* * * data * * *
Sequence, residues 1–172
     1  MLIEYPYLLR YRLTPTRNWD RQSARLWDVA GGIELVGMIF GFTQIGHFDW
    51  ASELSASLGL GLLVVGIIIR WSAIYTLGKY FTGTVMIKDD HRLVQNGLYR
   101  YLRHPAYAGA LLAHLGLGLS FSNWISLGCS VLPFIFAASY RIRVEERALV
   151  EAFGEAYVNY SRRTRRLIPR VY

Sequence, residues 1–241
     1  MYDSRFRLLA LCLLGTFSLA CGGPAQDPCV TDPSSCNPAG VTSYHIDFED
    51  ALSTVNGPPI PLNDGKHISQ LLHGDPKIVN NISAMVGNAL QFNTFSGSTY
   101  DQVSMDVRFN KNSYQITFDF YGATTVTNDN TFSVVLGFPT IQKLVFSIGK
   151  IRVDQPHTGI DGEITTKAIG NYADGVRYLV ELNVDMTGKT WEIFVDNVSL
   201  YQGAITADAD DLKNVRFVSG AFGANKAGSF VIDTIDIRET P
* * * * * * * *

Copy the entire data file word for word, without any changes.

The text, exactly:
Sequence, residues 1–172
     1  MLIEYPYLLR YRLTPTRNWD RQSARLWDVA GGIELVGMIF GFTQIGHFDW
    51  ASELSASLGL GLLVVGIIIR WSAIYTLGKY FTGTVMIKDD HRLVQNGLYR
   101  YLRHPAYAGA LLAHLGLGLS FSNWISLGCS VLPFIFAASY RIRVEERALV
   151  EAFGEAYVNY SRRTRRLIPR VY

Sequence, residues 1–241
     1  MYDSRFRLLA LCLLGTFSLA CGGPAQDPCV TDPSSCNPAG VTSYHIDFED
    51  ALSTVNGPPI PLNDGKHISQ LLHGDPKIVN NISAMVGNAL QFNTFSGSTY
   101  DQVSMDVRFN KNSYQITFDF YGATTVTNDN TFSVVLGFPT IQKLVFSIGK
   151  IRVDQPHTGI DGEITTKAIG NYADGVRYLV ELNVDMTGKT WEIFVDNVSL
   201  YQGAITADAD DLKNVRFVSG AFGANKAGSF VIDTIDIRET P